I finished up the garden plans and ordered my seeds this week. The maps are looking great and it is fun to dream of the gardens growing full of food for us. The lower garden is the new garden this year, and it is only about 2/3 built. I planned for just that finished section (it still needs soil, fencing, and irrigation, but the boxes are built). If we happen to be able to finish more of the garden before planting, I will just figure out at that point what we want to put in that section.
First, I figured out what we wanted to plant. Then I mapped it out on the garden maps and thus figured out how much of each type and variety we wanted to plant.
Then I went through our stored seeds and inventoried what we had and what we needed. I ordered seeds from my all-time favorite seed company Seeds Trust. They are a small business located in Colorado and have a special collection of high-altitude cold-climate seeds that have worked wonderfully for us over the years.
Lastly, I caught up our garden journal with all the accurate dates and times to plant what we are planting so I know when to do what. I shifted things quite a bit this year due to the very late frost we had last year that negatively effected our garden. I am trying to go kind of in the middle to hopefully prevent too much loss again this year.
I shared more about how we use our garden journal in this post.
Little Miss is taking over the container herb garden this year. She and I decided that we would go ahead and start the herbs now so that they can move out from under the lights to the living room window in time for me to have plenty of space under the lights for the veggie seed-starting. She got those all planned out and freshened up their soil and planted them.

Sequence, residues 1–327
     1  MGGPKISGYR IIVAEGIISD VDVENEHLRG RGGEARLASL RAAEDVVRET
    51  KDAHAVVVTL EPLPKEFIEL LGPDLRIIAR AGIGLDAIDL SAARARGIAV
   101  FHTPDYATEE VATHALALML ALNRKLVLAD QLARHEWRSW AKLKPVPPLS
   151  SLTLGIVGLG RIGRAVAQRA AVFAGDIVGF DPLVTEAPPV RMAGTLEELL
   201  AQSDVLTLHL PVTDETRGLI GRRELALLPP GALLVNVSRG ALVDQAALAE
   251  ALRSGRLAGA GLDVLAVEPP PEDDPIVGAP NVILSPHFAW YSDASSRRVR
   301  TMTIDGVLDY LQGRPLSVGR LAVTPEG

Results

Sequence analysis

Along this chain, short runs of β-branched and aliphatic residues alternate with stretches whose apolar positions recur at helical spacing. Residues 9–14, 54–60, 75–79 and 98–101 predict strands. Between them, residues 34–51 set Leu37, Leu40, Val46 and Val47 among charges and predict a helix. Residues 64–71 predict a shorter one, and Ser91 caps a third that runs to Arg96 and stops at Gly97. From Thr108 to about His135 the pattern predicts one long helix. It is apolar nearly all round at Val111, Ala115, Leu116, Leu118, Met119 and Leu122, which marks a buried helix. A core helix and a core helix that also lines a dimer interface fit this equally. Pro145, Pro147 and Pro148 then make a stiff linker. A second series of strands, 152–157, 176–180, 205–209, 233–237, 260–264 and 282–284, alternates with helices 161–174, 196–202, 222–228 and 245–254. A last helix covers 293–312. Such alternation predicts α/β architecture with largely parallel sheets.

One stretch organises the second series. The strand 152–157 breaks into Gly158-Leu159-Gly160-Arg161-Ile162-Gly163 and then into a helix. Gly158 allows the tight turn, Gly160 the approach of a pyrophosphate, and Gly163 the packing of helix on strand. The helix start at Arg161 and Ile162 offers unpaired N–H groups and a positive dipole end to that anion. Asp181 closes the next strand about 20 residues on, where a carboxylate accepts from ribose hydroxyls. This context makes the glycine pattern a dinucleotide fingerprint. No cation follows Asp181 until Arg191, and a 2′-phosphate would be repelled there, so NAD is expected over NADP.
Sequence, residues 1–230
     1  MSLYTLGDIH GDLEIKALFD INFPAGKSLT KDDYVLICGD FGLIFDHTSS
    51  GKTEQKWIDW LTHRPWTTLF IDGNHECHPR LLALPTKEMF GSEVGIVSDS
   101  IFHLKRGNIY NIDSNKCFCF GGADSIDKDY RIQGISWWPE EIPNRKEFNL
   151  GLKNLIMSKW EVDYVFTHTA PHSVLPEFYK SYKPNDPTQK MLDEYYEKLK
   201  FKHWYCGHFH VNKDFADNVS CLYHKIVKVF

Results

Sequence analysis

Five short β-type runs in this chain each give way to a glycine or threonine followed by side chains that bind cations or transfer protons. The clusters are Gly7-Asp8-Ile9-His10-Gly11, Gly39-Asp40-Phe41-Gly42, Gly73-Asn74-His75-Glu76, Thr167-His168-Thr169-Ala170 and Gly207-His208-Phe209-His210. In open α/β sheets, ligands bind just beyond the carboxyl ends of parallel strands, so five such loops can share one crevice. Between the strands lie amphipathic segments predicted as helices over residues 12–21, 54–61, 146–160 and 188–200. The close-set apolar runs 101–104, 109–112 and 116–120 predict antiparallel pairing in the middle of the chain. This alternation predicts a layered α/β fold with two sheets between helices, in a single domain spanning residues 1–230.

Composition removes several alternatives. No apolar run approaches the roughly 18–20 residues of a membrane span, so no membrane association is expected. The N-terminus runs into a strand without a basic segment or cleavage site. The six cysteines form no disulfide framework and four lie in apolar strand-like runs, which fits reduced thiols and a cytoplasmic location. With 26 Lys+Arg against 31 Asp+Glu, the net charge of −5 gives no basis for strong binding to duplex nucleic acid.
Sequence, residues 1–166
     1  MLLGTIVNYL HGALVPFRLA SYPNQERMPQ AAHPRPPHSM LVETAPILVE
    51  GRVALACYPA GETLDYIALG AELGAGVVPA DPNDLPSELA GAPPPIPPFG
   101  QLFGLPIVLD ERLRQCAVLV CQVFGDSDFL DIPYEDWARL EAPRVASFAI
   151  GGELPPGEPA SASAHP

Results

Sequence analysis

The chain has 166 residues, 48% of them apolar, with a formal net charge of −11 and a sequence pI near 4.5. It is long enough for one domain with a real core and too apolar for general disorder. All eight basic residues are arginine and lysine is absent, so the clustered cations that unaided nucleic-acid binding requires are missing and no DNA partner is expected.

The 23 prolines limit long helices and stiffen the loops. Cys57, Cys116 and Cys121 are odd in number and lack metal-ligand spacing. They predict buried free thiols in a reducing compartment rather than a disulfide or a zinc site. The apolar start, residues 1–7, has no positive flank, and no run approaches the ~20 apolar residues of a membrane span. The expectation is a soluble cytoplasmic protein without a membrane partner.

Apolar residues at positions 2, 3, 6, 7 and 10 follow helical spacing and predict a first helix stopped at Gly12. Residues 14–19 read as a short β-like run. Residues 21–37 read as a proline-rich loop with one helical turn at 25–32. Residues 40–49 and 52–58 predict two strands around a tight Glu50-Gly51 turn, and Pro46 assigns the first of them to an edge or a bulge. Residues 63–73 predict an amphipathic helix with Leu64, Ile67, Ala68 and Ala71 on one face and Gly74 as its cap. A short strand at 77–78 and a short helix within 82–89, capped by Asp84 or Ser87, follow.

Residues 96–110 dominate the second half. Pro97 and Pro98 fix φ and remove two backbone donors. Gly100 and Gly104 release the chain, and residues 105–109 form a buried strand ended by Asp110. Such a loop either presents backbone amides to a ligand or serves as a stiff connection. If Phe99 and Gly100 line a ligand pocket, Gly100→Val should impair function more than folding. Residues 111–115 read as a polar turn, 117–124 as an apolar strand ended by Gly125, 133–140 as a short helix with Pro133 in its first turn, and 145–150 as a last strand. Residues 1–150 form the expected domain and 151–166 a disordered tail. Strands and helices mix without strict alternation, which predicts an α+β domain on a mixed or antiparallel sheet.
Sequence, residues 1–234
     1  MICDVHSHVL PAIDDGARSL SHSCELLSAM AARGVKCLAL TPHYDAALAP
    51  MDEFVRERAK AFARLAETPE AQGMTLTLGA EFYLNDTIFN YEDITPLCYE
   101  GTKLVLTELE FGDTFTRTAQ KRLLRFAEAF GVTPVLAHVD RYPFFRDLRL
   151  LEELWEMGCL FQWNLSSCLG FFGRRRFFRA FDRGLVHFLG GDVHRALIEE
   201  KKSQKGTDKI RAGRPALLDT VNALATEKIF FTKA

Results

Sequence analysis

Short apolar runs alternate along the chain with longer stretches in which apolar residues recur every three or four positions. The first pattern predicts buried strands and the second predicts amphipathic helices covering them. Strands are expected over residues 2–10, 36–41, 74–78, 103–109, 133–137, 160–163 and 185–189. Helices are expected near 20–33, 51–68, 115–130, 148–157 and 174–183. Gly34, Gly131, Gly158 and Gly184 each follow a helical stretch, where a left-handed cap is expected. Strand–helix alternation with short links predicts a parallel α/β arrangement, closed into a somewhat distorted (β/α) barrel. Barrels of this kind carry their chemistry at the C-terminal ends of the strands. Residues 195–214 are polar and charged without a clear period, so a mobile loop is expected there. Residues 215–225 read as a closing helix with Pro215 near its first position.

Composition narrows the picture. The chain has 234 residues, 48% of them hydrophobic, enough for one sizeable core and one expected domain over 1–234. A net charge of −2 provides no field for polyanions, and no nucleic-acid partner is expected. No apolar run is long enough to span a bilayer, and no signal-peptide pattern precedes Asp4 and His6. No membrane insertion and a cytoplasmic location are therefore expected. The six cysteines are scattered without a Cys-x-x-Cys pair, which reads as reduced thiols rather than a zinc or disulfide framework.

Mtn man finished an amazing braided wool rug this week that he was commissioned to make. It is the first time he has ever made a rectangle shaped one, and it is the largest rug he has ever made (which made it tricky to get a good photo too). The finished size is about 5f tx 8ft and it turned out so beautifully! It was hard to get a perfect phot angle from above, it looks like one end is narrower than theother – I assure you they measure the same. 🙂
The buyer asked us to make this rug out of her llama and alpaca fiber. We have never done a rug out of that type of fiber before and it was an interesting learning process to work with something other than wool. The fiber definitely did not felt the same, and the rug wants to shed a lot. I am assuming that the shedding will decrease over time and use, but we are not sure because we don’t have any experience with it.
I am continuing to knit on the dress for Little Miss…
the ribbing looks strange lying on the ground, but when she tried it on it looks really great. She is super excited for me to finish it, which will be awhile since I am using fingering weight yarn and it is over 200 stitches around and increasing significantly as we go so that it will flare out nicely.
I am also still working on the Match Play Poncho, but the progress is not worth photographing.
Neither is moving very fast because I have been very busy helping with other things the last few weeks. I plan to cast on Young Man’s birthday socks this coming week.
I’ll leave you with some pictures of Jerry – he continues to love his new retired indoor life and I can’t resist taking photos of him.